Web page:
Voice of the Industry

The market opportunity for reusable identity

Tuesday 16 August 2022 09:30 CET | Editor: Raluca Ochiana | Voice of the industry

Jennie Berry, President and Managing Director at Liminal, explains why we need to prepare for a shift from digital identity to reusable identity.


The digital identity space is going through a rapid transformation. A shift is currently underway that focuses on customer-centric solutions that enable consumer services well beyond initial onboarding and KYC. Today’s consumer is burdened with managing dozens of one-to-one online relationships with service providers (just think of all the unique logins and passwords that you own and consequently manage). Resultantly, consumers resort to their unique strategy of cybersecurity hygiene – one that’s likely to err on the side of convenience over security, despite the best intentions. 

So, how did we get here? When the internet was first introduced, it wasn’t created with an identity layer that was designed or equipped for the rise of the digital consumer. As companies came online during the dot com era, they were required to build unique, non-interoperable identity and payment tech stacks to enable ecommerce. To complete a transaction, individual consumers would onboard separately with each entity, creating an environment in which consumers manage hundreds of individual accounts and passwords. In the 2000s, the introduction of single-sign-on (SSO) shifted the paradigm from one-to-one relationships to 1:N (one-to-many) relationships. Many digital companies started to adopt social logins to federate identities to cloud applications. Consumers became accustomed to social logins – when available, you can use your Amazon, Google, or Apple account to make a transaction across a wider number of online entities. 

Despite the incredible progress that has been made, digital identity as it stands today is still broken. The collective consumer experience is still fraught with the likes of fraud, identity theft, data breaches, KYC challenges, and cybersecurity vulnerabilities. Not only do companies suffer, but consumers also suffer. Many of today’s consumer media and ecommerce platforms are responsible for setting the new standard in consumer expectations – just juxtapose the ease of opening a Spotify account versus a new bank account, which can require as many as 120 clicks (Holland, N., Berry, J., and Jarae, T. ‘The Life of PIEs: the Journey to Personal Identity Ecosystems.Liminal, November 2021).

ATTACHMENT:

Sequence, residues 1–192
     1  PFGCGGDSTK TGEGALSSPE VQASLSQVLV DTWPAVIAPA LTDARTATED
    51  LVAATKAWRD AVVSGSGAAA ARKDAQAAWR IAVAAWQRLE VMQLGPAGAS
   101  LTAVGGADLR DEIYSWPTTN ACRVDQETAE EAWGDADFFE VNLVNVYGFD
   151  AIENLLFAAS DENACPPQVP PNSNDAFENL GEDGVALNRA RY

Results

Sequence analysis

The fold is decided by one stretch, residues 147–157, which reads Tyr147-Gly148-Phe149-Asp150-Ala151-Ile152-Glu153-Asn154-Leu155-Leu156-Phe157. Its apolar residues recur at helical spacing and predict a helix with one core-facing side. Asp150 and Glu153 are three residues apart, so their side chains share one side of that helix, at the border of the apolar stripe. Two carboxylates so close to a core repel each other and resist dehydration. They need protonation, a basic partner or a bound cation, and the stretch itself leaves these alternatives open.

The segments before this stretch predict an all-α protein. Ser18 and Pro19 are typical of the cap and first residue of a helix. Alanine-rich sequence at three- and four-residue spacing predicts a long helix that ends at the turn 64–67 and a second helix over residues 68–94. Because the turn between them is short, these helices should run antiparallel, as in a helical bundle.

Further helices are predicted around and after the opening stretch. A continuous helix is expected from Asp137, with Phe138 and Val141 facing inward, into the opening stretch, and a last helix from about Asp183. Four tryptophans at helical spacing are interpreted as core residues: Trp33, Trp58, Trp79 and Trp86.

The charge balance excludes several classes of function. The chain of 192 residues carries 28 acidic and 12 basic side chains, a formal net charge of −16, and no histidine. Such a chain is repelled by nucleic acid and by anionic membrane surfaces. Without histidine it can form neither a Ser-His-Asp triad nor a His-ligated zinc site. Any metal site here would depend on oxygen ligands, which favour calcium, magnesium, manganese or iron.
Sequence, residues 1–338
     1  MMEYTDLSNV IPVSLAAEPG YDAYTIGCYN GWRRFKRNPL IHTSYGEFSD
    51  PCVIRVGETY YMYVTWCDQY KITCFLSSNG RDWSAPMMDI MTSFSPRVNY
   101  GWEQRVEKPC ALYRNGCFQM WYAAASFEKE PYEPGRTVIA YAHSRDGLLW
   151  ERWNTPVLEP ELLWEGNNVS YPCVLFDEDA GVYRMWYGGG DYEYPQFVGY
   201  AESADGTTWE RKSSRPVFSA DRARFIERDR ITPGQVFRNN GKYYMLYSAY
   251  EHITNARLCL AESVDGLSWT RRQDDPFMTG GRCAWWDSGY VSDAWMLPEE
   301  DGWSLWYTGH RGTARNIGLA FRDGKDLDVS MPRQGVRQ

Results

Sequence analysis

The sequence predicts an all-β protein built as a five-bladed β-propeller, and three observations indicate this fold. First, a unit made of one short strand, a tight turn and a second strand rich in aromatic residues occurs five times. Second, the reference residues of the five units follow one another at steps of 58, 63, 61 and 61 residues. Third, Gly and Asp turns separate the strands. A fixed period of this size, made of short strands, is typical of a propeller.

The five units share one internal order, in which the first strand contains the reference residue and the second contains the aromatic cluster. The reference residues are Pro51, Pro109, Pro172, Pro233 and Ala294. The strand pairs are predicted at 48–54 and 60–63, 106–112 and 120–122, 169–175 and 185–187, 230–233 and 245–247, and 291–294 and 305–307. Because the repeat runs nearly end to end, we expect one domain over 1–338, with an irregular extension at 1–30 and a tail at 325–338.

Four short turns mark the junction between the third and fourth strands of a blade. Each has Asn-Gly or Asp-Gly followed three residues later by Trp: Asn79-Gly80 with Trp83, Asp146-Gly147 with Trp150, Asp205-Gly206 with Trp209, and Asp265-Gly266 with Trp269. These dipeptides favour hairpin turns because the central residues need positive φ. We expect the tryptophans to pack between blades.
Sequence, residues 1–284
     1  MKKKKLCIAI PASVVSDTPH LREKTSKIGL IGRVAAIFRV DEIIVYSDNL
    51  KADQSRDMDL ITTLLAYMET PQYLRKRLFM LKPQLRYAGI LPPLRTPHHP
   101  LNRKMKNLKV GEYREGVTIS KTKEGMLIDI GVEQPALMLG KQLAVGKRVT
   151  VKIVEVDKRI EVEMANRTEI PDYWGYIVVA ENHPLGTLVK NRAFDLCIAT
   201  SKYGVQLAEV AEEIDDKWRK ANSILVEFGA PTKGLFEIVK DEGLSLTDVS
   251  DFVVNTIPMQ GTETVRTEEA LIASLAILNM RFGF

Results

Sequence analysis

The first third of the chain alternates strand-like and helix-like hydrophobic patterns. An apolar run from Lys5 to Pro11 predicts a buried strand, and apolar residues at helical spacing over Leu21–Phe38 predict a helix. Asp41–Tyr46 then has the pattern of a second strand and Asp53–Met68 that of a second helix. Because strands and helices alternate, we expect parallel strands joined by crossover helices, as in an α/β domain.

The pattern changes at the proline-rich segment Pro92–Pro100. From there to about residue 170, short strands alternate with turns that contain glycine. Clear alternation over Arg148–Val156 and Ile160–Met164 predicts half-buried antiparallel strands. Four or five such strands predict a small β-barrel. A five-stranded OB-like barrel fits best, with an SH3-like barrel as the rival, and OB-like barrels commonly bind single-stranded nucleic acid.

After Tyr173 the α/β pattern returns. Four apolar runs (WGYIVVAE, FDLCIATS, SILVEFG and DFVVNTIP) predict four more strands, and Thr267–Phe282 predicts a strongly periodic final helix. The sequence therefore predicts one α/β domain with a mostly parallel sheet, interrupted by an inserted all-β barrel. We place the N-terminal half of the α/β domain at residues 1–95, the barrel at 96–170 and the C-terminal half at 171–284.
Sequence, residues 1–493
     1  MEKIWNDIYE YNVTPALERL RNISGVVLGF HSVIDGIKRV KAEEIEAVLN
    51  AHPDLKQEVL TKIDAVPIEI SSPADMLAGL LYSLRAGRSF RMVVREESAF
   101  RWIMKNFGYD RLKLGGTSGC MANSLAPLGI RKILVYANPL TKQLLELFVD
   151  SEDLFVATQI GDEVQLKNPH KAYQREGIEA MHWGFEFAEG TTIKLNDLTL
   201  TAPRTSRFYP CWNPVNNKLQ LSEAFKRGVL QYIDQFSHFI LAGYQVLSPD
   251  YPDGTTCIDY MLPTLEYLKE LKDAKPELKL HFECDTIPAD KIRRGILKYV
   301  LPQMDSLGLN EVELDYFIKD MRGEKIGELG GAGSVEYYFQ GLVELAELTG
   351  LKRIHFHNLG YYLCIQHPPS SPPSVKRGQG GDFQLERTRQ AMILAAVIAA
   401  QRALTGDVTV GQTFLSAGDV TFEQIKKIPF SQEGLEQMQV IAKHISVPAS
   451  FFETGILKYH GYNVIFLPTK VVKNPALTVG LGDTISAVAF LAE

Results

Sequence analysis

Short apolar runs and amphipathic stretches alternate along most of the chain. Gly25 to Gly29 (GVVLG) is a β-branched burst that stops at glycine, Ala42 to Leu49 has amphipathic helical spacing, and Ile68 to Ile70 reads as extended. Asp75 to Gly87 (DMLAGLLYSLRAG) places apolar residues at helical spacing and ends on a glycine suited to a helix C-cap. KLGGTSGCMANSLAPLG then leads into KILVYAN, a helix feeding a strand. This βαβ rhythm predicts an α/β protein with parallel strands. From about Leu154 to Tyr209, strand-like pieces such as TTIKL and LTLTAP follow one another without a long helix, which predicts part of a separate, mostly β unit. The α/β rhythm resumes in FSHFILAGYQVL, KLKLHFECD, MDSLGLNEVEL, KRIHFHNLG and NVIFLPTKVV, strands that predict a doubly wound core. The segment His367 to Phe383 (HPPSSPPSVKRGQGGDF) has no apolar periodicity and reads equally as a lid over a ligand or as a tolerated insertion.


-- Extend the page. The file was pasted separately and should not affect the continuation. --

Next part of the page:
From an identity architecture standpoint, the one-to-one relationship of consumer-to-account needs to be redesigned. These singular relationships are made by service providers on behalf of customers, yet, with a cumbersome verification and authentication process for each, user friction is exacerbated. The transition away from 1:N digital identity solutions towards N:N (many-to-many) reusable digital identities also eliminates the fundamental risks posed by centralised databases filled with personal data collected through repeated onboarding processes. When we think about ‘reusable identity’, we’re talking about the seamless and interoperable sharing of trusted information, including verifiable credentials. The promise of reusable identity is akin to the benefits proposed by Open Banking. The evolution to reusable identity enables a ‘many-to-many’ relationship – one where consumers with unique identities can share the minimum required personal information necessary for any given use case. 

What better time than now? Globally, government-backed eIDs have been gaining traction in the last five years. The number of eID schemes has almost doubled from 2017 to 2021. The Scandinavian BankID (with over 8 million users and 5 billion recorded transactions in 2020) is just one example of an eID that meets the official requirements for identity verification and eSignatures. BankID users do not have to create new accounts and passwords with different actors, and BankID is accepted by thousands of companies and authorities as official proof of identification. Many of the use cases that continue to drive the demand for reusable identity span across customer onboarding – identity verification and KYC, document verification, identity proofing, biometric authentication, and fraud prevention.